What about certain behaviors? What if a girl had been sexually abused much of her life and as a young adult became promiscuous? In light of her past, could her behavior at least be more easily understood? Would you be more inclined to excuse some of her bad behavior when understood in the light of her past? Additionally, what about cultural context? Words and actions that are appropriate in one culture can easily mean something else in another culture.

Context is everything. When we fail to understand people’s words and actions apart from the entire context of the conversation or culture, misunderstandings easily occur.

Most American churches today are being led by pastors who are handling the Word of God the same way a journalist might take a politicians words out of context and tell a story to suit the journalists own political viewpoints. They hand-pick one or two verses out of the Bible and preach an entire sermon based on those two or three scriptures while rarely returning to the Bible. Additionally, it’s not too hard to turn on any “Christian” TV show today and find a televangelist who has built and entire framework of doctrine around just one single verse.

2 Timothy 3:16,17 (ESV) states the following:

16 All Scripture is breathed out by God and profitable for teaching, for reproof, for correction, and for training in righteousness, 17 that the man of God may be complete, equipped for every good work.

The entire Bible, from cover to cover, is the Word of God. Just like taking one sentence out of the President’s speech and trying to explain the entire meaning of his speech based on just one or two sentences, you can’t take one or two sentences out of the Bible and expect to completely explain the meaning of the text.

While writing to Timothy about how to be a good pastor of the people, Paul states:

Until I come, devote yourself to the public reading of Scripture, to exhortation, to teaching (1 Tim 4:13, ESV)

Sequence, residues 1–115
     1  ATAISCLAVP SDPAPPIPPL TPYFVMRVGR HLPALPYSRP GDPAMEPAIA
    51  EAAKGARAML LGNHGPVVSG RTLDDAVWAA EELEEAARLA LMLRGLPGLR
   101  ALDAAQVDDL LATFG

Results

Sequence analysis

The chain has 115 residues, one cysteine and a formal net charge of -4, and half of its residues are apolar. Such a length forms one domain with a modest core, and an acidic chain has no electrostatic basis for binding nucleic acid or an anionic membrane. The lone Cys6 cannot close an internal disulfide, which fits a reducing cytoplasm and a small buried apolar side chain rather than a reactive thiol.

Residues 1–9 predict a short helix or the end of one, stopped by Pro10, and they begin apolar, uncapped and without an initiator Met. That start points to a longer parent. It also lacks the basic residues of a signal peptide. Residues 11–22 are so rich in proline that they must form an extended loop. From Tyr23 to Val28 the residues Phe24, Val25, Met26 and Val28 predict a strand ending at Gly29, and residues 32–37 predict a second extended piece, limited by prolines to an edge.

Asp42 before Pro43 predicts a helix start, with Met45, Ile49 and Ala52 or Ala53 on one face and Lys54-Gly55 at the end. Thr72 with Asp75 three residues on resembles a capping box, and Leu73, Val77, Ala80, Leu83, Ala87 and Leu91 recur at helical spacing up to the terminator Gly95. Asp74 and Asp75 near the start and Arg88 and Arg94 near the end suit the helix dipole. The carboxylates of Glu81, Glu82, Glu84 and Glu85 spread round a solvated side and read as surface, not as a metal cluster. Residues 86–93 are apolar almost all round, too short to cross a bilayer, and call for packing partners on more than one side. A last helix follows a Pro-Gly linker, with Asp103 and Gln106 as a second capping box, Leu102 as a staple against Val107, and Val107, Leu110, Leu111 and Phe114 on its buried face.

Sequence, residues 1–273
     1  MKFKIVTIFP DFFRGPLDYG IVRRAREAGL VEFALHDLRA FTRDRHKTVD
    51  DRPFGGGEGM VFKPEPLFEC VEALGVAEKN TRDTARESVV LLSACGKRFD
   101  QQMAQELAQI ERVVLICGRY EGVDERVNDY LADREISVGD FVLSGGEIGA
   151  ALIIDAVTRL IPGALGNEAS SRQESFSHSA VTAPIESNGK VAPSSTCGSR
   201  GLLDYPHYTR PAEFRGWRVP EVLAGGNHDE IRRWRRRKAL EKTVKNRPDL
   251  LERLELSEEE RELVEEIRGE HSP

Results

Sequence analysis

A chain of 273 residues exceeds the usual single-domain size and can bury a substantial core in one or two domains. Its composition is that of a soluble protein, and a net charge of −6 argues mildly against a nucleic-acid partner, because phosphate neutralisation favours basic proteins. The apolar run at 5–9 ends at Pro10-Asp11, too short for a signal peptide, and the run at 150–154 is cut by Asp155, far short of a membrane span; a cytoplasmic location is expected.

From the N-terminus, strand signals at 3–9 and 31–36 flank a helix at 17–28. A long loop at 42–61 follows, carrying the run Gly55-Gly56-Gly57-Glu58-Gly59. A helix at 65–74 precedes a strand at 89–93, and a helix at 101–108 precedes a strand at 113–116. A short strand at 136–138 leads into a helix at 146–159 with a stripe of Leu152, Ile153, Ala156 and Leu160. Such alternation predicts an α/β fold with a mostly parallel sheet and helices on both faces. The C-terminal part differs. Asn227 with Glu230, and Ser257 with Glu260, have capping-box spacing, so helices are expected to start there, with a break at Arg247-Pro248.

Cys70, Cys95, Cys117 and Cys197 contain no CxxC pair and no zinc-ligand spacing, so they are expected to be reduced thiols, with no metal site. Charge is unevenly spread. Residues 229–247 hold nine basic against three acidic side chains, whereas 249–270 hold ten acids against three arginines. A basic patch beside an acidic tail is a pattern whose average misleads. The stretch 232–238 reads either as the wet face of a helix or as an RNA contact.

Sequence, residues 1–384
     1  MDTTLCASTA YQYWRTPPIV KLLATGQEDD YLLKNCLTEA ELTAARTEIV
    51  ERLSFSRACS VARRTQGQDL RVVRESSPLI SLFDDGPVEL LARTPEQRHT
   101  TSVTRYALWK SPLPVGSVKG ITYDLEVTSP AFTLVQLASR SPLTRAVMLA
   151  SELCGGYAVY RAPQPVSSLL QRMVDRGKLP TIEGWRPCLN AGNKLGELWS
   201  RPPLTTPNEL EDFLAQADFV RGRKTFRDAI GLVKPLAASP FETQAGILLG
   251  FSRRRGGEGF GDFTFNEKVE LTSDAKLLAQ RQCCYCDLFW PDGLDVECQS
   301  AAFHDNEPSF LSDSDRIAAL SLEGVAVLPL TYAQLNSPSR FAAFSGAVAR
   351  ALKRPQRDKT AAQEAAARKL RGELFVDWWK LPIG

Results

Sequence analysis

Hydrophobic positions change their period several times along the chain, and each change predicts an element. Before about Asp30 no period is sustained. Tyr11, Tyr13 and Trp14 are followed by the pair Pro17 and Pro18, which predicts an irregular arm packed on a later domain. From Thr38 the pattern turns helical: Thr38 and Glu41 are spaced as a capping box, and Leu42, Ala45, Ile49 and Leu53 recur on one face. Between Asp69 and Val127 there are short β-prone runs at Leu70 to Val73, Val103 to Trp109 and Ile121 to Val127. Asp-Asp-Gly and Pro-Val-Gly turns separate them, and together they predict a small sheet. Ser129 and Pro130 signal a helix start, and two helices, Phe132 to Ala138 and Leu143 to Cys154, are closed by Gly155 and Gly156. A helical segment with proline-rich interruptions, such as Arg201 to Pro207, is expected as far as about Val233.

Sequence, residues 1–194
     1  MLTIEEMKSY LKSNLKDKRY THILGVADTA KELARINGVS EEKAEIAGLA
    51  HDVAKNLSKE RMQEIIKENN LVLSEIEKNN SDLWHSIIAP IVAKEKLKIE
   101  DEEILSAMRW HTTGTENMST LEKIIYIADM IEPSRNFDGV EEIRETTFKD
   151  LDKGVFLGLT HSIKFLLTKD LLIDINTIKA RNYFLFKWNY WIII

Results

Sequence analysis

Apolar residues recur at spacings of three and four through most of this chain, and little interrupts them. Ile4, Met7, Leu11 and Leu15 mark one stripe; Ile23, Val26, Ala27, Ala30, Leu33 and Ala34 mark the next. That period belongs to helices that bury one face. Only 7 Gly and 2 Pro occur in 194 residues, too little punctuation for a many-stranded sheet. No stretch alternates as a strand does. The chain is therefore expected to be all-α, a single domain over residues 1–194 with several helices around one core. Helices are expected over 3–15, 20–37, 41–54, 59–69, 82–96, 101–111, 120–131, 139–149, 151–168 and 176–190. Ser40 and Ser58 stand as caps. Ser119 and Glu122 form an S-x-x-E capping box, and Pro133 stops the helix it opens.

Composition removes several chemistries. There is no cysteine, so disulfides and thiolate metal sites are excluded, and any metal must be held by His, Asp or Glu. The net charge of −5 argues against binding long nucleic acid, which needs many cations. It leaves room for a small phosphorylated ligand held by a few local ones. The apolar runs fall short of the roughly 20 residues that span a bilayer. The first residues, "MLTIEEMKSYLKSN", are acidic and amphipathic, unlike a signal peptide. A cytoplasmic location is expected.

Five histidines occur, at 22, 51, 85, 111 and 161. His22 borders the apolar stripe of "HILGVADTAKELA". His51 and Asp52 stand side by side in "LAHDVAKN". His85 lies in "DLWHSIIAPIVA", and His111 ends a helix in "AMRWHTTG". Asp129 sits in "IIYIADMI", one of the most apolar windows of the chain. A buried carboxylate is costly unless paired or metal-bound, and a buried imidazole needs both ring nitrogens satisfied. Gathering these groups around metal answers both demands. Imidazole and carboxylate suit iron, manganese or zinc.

Paul understood the likelihood of error being introduced into Timothy’s teaching by simply reading one verse and giving an hour-long talk on what it means to the congregation. Paul understood that the context of any given verse was of utmost importance.

Taking one or two verses, or even three, out of the entire context in which they were written and preaching for an hour is exactly what is happening in much of the churches in America today. Particularly those of the Pentecostal, Charismatic, and “Purpose-Driven” variety.

A common method of sermon preparation for these pastors would look a little like this: First they would determine a “theme” for a series of sermons. All of the sermons for several weeks will center around this central sermon theme. For instance, the central theme may be about “Wise Stewardship”. the pastor would then develop several points he would like to teach his congregation about wise stewardship. Each of these points would be an entire Sunday sermon and would teach a particular aspect of using God’s resources wisely. As an example, one Sunday would be about giving to the poor, another would be about giving of your time, another sermon would include tithing, and so forth.

Thirdly, while preparing for a particular Sunday sermon, the pastor determines what he would like to teach the congregation about “Giving”, for instance. Using his knowledge of the Bible, he would determine which passage of scripture best fits what he would like to teach his church and he uses this verse or two to back up what he is trying to teach the people. As he preaches along, he may quote a verse or two as he preaches to further establish his points.